WINEGARNER: The common wounds that we really want to train hard are the ones that are — that we've identified as being causes of death that are preventable. So there's been some landmark studies out of Iraq and Afghanistan that have looked at what people die of on the battlefield, and the big things that we've identified that guys can basically intervene on and make a difference on are the massive hemorrhage, and so putting tourniquets on and stopping the bleeding as fast as we can is the biggest thing. And then we've also developed even more to get at more of the junctional wounds, which would be kind of up here in the armpits or down here in the groin area. Those parts of the body are really hard to put a tourniquet on, and you can't necessarily stop the bleeding with that, but we’ve developed special gauzes and even some clamps that we can use in the field to stop those bleeding sites. And so, so massive hemorrhage is always something that we're always going to train when we do this TC3 training. And then the pneumothorax, which we also simulated outside, that's another thing that's been identified as potential intervention that guys can do in the field and will save a life, because with penetrating or blunt-chest trauma, there can be basically a ruptured lung and then air leaking into the chest that collapses the lung, and then can even compress on the heart and cause circulation problems. And so just by simply putting a needle in and decompressing that, we can release the tension that's inside the chest and get the blood pumping again.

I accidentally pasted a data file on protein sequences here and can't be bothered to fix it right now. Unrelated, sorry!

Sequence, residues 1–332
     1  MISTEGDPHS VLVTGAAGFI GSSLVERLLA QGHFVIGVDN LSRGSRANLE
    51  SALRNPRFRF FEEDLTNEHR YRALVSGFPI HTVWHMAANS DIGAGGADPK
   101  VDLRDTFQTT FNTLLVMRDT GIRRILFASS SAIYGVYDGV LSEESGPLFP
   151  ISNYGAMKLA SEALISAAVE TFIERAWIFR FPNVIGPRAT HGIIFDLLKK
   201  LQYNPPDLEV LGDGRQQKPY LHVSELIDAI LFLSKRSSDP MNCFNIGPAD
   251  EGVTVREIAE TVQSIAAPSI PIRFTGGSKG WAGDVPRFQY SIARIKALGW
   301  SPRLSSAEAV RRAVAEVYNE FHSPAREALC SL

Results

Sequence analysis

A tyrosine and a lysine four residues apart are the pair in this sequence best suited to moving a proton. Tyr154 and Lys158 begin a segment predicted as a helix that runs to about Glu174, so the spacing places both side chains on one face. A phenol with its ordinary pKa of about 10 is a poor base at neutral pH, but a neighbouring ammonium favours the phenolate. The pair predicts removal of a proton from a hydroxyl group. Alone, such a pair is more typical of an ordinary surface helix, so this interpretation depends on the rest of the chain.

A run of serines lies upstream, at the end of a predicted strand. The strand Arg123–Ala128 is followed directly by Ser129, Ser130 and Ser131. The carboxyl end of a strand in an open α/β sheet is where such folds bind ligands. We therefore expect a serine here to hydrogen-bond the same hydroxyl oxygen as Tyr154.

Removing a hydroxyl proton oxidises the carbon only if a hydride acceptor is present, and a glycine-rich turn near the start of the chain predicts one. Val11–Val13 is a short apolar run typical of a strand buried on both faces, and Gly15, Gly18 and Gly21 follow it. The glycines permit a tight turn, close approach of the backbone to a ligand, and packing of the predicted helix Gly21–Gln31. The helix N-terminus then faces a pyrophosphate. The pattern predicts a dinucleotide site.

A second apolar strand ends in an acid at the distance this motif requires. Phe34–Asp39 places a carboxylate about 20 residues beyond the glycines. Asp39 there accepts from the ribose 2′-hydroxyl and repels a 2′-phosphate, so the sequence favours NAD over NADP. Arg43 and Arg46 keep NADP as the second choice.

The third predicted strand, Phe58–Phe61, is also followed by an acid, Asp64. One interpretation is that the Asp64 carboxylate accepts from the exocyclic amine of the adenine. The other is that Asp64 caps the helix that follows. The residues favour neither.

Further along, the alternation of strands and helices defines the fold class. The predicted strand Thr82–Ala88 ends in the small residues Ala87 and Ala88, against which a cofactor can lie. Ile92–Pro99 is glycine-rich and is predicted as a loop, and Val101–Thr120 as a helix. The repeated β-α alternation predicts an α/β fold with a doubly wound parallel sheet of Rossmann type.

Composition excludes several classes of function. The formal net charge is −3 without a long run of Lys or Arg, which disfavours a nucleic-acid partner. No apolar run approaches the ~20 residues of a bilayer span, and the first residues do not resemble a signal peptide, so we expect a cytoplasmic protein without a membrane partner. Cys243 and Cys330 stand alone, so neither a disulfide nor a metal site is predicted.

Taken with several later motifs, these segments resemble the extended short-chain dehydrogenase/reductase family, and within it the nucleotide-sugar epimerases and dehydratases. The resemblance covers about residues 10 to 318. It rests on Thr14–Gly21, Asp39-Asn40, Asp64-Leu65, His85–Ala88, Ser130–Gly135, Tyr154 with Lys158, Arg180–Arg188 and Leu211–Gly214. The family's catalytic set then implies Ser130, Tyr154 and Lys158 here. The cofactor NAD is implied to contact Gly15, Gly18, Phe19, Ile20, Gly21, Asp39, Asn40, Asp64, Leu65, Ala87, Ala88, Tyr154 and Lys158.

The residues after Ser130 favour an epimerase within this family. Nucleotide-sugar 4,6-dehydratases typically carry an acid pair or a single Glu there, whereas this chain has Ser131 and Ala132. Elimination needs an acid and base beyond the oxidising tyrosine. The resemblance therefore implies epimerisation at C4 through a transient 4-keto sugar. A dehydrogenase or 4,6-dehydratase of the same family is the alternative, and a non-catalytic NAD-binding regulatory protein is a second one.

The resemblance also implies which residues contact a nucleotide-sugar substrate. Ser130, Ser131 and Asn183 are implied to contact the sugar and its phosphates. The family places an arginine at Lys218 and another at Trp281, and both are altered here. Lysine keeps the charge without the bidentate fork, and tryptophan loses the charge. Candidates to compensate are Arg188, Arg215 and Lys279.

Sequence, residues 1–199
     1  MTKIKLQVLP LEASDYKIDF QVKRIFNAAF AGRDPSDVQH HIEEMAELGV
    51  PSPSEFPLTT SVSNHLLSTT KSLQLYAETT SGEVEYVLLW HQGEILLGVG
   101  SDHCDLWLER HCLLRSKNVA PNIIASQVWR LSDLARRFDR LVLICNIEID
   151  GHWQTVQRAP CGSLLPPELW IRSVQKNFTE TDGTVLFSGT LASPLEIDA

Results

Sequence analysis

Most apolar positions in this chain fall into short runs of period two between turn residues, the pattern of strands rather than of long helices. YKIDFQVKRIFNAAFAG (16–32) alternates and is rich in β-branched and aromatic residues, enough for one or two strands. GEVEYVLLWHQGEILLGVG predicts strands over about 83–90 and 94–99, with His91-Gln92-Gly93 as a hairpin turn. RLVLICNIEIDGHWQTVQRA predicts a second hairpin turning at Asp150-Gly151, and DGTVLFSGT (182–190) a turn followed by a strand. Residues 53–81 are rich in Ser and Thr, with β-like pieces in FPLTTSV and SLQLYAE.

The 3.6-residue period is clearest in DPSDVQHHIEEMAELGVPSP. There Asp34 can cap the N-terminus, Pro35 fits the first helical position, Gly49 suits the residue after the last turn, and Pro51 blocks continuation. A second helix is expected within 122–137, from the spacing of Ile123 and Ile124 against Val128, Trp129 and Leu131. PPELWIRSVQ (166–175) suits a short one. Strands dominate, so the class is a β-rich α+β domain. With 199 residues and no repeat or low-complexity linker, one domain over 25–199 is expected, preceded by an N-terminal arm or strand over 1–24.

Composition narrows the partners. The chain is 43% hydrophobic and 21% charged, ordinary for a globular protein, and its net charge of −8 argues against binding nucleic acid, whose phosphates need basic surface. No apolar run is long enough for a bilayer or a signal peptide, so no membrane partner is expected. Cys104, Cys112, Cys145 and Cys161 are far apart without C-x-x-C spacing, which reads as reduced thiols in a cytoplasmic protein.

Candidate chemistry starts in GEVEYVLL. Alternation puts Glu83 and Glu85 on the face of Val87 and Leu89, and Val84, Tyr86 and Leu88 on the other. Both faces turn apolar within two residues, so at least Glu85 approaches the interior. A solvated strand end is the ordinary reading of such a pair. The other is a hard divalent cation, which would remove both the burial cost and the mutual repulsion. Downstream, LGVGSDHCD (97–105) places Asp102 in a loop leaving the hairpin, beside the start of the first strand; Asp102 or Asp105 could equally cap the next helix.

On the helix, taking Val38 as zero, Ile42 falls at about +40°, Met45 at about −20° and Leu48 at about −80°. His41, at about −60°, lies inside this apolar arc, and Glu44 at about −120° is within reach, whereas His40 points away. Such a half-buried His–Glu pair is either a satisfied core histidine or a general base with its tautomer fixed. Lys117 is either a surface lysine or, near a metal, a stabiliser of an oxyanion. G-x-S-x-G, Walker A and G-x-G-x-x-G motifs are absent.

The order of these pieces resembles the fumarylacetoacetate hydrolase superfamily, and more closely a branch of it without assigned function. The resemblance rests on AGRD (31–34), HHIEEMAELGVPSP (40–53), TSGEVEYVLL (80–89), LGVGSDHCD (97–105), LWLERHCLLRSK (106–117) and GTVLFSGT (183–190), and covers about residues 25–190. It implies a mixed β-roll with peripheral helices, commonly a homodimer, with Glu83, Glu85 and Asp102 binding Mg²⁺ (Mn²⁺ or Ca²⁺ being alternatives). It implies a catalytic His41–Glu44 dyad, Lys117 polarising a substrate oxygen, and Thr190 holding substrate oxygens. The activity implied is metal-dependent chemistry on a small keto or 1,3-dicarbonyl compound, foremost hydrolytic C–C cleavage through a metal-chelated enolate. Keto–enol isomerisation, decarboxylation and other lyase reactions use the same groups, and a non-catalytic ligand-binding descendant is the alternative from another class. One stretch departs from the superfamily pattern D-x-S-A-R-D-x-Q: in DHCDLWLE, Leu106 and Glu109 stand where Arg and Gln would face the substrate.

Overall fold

Army physicians work in some of the most advanced medical facilities as part of one of the largest healthcare networks in the world. The Army also has the largest graduate medical education program of all the Service branches.